PLAN OF ATTACK: Lockyer Valley Regional Council will begin work on developing a flying fox management plan early in the new financial year.
PLAN OF ATTACK: Lockyer Valley Regional Council will begin work on developing a flying fox management plan early in the new financial year. Trevor Veale

Council reveals plans to manage flying fox issue

LOCKYER Valley council has vowed to tackle the issue of flying foxes leading up to roosting season.

While the control of flying foxes is strictly governed by the state and federal governments, the council is working on a flying fox management plan for the whole local government area to identify areas where roosts may be problematic and where flying foxes should be prevented from roosting.

A council representative said the plan could identify alternative sites where new roosts may be encouraged or left to grow with minimal intervention.

Under the Queensland Nature Conservation Act 1992, local governments have an 'as-of-right' authority to manage flying fox roosts in defined urban areas and undertake management actions, provided conditions are adhered to.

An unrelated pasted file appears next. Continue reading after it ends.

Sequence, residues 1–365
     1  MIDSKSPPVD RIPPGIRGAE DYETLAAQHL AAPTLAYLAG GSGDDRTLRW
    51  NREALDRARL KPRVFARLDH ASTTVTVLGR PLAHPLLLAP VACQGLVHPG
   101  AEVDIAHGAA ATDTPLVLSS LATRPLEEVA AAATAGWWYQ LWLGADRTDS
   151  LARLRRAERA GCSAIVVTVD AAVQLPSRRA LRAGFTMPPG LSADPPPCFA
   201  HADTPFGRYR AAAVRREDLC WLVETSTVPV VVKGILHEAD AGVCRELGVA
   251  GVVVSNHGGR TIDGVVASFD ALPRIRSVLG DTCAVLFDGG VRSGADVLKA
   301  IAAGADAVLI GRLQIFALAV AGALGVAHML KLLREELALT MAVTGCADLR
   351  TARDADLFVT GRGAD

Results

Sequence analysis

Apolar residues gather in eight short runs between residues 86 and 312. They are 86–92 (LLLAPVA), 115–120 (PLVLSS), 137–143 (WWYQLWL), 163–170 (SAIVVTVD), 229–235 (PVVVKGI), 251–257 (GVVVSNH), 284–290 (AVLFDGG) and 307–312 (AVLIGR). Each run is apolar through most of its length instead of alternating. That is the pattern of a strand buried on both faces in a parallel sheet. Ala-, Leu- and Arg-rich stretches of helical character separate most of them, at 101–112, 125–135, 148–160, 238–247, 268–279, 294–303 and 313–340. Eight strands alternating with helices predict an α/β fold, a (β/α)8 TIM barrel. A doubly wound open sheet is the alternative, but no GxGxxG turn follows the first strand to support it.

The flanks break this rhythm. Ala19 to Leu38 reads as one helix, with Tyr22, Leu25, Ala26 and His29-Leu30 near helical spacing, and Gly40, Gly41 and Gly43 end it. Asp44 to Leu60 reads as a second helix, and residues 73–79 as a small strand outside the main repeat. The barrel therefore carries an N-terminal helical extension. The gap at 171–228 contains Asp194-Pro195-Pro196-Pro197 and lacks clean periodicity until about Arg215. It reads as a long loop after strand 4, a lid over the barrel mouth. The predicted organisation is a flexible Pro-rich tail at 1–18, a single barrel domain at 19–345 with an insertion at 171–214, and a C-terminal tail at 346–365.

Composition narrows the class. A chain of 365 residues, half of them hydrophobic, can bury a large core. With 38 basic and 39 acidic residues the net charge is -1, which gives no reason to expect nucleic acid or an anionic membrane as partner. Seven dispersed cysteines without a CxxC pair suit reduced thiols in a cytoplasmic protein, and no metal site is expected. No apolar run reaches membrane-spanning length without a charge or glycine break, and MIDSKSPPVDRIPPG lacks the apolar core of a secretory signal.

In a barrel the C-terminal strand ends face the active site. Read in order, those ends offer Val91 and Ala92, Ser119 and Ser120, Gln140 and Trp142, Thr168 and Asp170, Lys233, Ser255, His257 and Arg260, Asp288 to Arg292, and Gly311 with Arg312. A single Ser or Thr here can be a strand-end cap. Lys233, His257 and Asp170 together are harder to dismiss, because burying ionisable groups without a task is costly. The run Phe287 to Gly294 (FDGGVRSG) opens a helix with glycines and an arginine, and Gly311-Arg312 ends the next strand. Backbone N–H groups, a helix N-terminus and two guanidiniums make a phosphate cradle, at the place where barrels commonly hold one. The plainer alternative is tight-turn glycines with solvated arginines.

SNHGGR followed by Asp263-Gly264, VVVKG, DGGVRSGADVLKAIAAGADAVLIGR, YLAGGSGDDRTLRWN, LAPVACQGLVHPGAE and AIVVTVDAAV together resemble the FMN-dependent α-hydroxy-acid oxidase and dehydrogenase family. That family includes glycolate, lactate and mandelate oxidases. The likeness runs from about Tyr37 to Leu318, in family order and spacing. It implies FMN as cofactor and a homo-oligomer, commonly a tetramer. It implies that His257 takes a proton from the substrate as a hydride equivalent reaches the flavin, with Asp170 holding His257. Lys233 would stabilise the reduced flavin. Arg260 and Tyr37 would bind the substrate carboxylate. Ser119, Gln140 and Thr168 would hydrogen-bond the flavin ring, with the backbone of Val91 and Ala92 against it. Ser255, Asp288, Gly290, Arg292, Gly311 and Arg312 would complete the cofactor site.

But the conditions strictly limit what actions council staff can take.

"For example, no roost tree may be trimmed when flying foxes are in or near the tree and likely to be harmed as a result of the trimming,” the council representative said.

"And as council has no control on where they roost or the ability to move them on so works can be carried out, councils often have no other choice but to sit and wait until they leave naturally before remedial works can even be considered.”

The representative said three flying fox species resided in the Lockyer Valley, all with differently timed reproductive cycles, including mating, pregnancy, birthing and creching, which made roost mediation works extremely hard, expensive and in some cases impossible.

"The three species respond differently to available food resources, mostly the flowering of eucalypt,” they said.

"Numbers and species therefore fluctuate dramatically over the course of the year, although numbers do increase from October onwards and remain high over summer before they gradually reduce again.

"Council is also hoping to get a motion up at the Australian Local Government Association National General Assembly in June that they lobby the Commonwealth Government to develop and implement a National Flying-Fox Management Framework to coordinate and harmonise flying-fox management across jurisdictions.”


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